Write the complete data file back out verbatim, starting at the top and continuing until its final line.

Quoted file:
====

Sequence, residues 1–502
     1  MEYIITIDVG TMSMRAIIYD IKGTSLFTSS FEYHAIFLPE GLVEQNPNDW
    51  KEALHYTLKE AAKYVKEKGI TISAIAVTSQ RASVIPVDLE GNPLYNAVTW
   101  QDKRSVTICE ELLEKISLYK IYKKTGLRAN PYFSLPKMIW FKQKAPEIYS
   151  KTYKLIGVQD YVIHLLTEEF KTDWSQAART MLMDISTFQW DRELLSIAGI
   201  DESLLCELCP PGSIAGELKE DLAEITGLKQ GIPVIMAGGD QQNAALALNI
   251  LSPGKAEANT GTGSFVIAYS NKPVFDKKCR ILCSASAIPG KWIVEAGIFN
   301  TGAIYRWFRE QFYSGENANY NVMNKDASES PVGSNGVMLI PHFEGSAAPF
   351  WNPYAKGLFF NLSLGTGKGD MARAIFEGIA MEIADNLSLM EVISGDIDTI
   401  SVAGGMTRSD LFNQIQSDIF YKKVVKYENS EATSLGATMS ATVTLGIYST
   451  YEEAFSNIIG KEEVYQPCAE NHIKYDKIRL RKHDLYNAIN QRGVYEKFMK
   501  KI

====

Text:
Sequence, residues 1–502
     1  MEYIITIDVG TMSMRAIIYD IKGTSLFTSS FEYHAIFLPE GLVEQNPNDW
    51  KEALHYTLKE AAKYVKEKGI TISAIAVTSQ RASVIPVDLE GNPLYNAVTW
   101  QDKRSVTICE ELLEKISLYK IYKKTGLRAN PYFSLPKMIW FKQKAPEIYS
   151  KTYKLIGVQD YVIHLLTEEF KTDWSQAART MLMDISTFQW DRELLSIAGI
   201  DESLLCELCP PGSIAGELKE DLAEITGLKQ GIPVIMAGGD QQNAALALNI
   251  LSPGKAEANT GTGSFVIAYS NKPVFDKKCR ILCSASAIPG KWIVEAGIFN
   301  TGAIYRWFRE QFYSGENANY NVMNKDASES PVGSNGVMLI PHFEGSAAPF
   351  WNPYAKGLFF NLSLGTGKGD MARAIFEGIA MEIADNLSLM EVISGDIDTI
   401  SVAGGMTRSD LFNQIQSDIF YKKVVKYENS EATSLGATMS ATVTLGIYST
   451  YEEAFSNIIG KEEVYQPCAE NHIKYDKIRL RKHDLYNAIN QRGVYEKFMK
   501  KI